U.S., Chinese, and Russian overseas military bases have become an important element of geostrategic competition.

Base of the U.N. mostly U.S. Marine Forces in Somalia was built on an abandoned Soviet airfield in Mogadishu. Had a wall of shipping containers upper right to thwart random sniper fire. Feb. 25 1993.

U.S., Chinese, and Russian overseas military bases have become an important element of geostrategic competition. In particular, the efforts of great powers to establish overseas bases reveal the geographic parameters of their intent to project power and influence. The varied concentrations of military presence and posture in different regions, and the wide functional differences between platforms used for power projection – from traditional bases to commercial ports – recommend a regional and comparative analysis of overseas basing.

To address the questions that arise regarding this issue, the Brookings Institution’s Center for East Asia Policy Studies with support from the Strobe Talbott Center for Security, Strategy, and Technology, hosted a project on “Geostrategic competition and U.S., Chinese, and Russian overseas basing.” The nine policy briefs produced from the project address the following points:

  • Potential motives for recent and future basing developments.
  • Challenges and risks posed by either Chinese and/or Russian bases to U.S. regional strategy and force posture.
  • Policy recommendations for U.S. responses to geostrategic competition and the costs, risks, and opportunities offered by existing or new U.S. bases and base access agreements.

Geostrategic competition and overseas basing in East Asia and the First Island Chain

Handout photo dated October 13, 2021 shows Adm. John Aquilino, commander of U.S. Indo-Pacific Command, arrives at Clark Air Base in the Philippines. The United States and the Philippines on Thursday announced plans to expand America's military presence in the Southeast Asian nation, with access to four more bases as they seek to deter China’s increasingly aggressive actions toward Taiwan and in the disputed South China Sea. The agreement was reached as US Defense Secretary Lloyd Austin was in the country for talks about deploying US forces and weapons in more Philippine military camps. U.S. Navy photo by Capt. Pawel Puczko via ABACAPRESS.COM

Authors: Michael E. O’Hanlon, Andrew Yeo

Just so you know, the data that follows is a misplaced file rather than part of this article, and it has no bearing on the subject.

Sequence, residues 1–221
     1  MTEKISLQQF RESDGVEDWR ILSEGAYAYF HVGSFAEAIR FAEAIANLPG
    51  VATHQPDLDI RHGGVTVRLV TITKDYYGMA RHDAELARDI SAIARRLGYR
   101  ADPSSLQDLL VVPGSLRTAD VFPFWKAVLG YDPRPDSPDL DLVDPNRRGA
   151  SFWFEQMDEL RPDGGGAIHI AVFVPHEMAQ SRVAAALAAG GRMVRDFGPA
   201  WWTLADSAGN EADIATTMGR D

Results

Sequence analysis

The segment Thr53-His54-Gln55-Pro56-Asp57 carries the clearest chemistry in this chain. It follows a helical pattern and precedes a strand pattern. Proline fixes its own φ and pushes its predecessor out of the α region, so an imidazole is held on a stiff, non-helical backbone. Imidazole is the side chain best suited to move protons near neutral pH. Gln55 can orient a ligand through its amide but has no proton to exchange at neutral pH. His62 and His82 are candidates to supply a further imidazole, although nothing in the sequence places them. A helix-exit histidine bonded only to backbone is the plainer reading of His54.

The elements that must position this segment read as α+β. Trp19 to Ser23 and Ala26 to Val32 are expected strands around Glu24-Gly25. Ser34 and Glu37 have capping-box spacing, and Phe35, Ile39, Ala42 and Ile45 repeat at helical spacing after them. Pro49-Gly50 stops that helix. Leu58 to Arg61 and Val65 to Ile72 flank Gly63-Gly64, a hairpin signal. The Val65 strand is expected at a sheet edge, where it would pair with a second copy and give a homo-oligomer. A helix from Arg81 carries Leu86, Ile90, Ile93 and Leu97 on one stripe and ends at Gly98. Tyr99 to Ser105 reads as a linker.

Although the DOD has been simultaneously criticized for being too ambitious or doing too little to address U.S. force posture, geostrategic competition with China dictates prudence in making any major changes to overseas basing in East Asia.

Great power competition and overseas basing in the Arctic

Dutch Marines stand in front of a jet, during the visit of NATO Secretary General Jens Stoltenberg at a base, as part of a military exercise called "Cold Response 2022", gathering around 30,000 troops from NATO member countries plus Finland and Sweden, amid Russia's invasion of Ukraine, in Bardufoss in the Arctic Circle, Norway, March 25, 2022. REUTERS/Yves Herman

Authors: Jeremy Greenwood

The Arctic remains a sphere of geopolitical competition between the great powers, making basing arrangements a natural part of their strategic planning.

Overseas basing logistics at a crossroads in the Middle East, sub-Sahara Africa, and the western Indian Ocean

A U.S. Marine takes photographs as a South Korean army's K-55 self-propelled artillery vehicle gets out of a barge during the Combined Joint Logistics Over The Shore (CJLOTS) exercise, at a seashore in Taean, South Korea, July 6, 2015.  REUTERS/Kim Hong-Ji

Authors: Jason Wolff

In the Middle East, sub-Sahara Africa, and the western Indian Ocean, meeting the National Security Strategy and National Defense Strategy objectives are at a crossroads.

International ordering and great power competition: Lessons from Central Asia

Russian, Kazakh and Belarusian service members line up during military drills carried out by the Russia-led Collective Security Treaty Organisation (CSTO) at the Harb-Maidon training ground, located near the Tajik-Afghan border in the Khatlon region, Tajikistan October 23, 2021. REUTERS/Didor Sadulloev

Authors: Alexander Cooley